How were compasses in early interwar planes safeguarded against interference from flight?

I understand during the early days of flight that compasses were regarded as extremely unreliable and unfit for even basic navigation, but I'm unsure as to what caused this unreliability and what the first countermeasures against it were.

• Does this answer your question? How do you calibrate the compass of an aircraft on a compass rose? Nov 4, 2022 at 20:50
• Don't see that as a duplicate, since this question has a historical component to it and asks about not just the solution (the compass swing) but also the causes of the unreliability. The info in the linked question is a good addition here, but it isn't really a full answer to everything being asked, IMHO. Voting not to close.
– Ralph J
Nov 5, 2022 at 4:20
• I do not think magnetic compasses are considered very good navigational aides even these days. The term for the magnetic compass in an airplane in my native language would loose translate into a "screw compass", because if you have to rely on it, you're screwed... Nov 5, 2022 at 6:26

The unreliability is caused by the nearness of several big bits of magnetic material, chiefly an engine, and some electrical equipment. The countermeasures are something called "swinging the compass". The same fix has been used historically on boats since they started being made of metal.

In essence it involves adjusting "compensators" which are pieces of magnetic material placed near the compass and which cause it to swing by a few degrees. You point the aircraft in all the different compass directions and make the adjustments in order to minimize the deviation of the compass from an accurate reading throughout all directions. This is done in a "standard configuration" of different electrical equipment being on or off.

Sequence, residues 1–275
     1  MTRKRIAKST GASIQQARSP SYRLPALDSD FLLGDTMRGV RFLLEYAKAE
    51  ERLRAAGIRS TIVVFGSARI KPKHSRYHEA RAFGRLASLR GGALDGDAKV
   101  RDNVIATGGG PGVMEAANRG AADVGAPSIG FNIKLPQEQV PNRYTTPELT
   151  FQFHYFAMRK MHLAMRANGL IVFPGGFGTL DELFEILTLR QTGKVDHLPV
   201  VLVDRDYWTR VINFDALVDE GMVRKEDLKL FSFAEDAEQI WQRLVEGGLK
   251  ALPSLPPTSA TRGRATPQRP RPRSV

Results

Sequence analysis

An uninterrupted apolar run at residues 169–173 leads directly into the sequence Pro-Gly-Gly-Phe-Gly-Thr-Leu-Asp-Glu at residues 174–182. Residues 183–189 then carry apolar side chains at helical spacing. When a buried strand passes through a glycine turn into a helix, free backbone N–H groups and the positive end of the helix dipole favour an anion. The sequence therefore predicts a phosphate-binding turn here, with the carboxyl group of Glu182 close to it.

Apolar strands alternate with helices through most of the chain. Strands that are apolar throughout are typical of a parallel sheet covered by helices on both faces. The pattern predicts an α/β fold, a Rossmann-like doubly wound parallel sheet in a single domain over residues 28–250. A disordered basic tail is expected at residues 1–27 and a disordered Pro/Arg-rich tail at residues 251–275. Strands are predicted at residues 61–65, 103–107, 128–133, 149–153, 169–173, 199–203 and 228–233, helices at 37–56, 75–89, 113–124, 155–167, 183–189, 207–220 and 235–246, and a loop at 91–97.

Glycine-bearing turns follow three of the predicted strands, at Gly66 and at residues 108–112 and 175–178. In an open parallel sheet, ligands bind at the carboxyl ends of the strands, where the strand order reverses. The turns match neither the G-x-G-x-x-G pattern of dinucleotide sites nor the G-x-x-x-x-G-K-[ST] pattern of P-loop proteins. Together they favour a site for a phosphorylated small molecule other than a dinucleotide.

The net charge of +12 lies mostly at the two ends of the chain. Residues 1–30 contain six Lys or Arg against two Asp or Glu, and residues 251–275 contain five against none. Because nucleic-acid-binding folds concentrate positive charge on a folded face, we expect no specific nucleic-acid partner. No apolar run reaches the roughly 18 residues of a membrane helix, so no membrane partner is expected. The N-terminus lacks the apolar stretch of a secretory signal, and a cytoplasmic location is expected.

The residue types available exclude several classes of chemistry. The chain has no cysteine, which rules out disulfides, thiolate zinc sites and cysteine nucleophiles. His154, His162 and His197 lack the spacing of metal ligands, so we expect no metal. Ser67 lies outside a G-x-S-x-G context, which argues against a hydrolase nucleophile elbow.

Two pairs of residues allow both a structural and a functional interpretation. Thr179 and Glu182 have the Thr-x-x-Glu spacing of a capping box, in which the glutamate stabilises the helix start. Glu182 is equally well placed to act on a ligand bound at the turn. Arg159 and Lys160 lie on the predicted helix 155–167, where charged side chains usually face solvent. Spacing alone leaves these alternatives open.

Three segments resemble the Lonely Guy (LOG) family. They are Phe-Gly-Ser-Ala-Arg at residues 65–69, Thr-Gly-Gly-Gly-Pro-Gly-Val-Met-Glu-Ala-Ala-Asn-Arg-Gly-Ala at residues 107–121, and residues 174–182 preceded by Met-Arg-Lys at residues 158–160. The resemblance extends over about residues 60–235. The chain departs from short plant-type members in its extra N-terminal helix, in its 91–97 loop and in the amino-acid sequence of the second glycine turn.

Once you have minimized the difference between actual directions and what the compass reads you then make up a "deviation card" which is placed near the compass and which the pilot can use to get the correct magnetic heading from the compass reading.

There is an additional unreliability caused by the aircraft's motion. As an aircraft pitches and rolls that movement causes the compass to deviate from an accurate reading. This would happen more in early planes than in more modern ones. This problem was fixed by the invention of the gyro compass or "Direction indicator", which maintains a constant direction and is not subject to the aircraft pitch and roll. However the DI does drift, and so needs to be regularly checked to ensure it aligns with the compass, something you do during level flight to minimize the compass errors.

Both of these mitigations are in use today.

One common method was to move the guts of the compass out to a wingtip, far away from the engine block and the electrical system, and then electrically link it to a remote reading dial in the cockpit. This was called a flux gate compass, which does not use a swinging needle to detect the direction of the earth's magnetic field and hence does not dance around in rough air.

• The Wikipedia page pointed to this Aviation Week article, which makes the flux gate compass public knowledge in 1943 (though calls it the result of "seven years' study"). The question specified "early interwar"... was there an earlier version of the fluxgate compass in use? Nov 5, 2022 at 15:42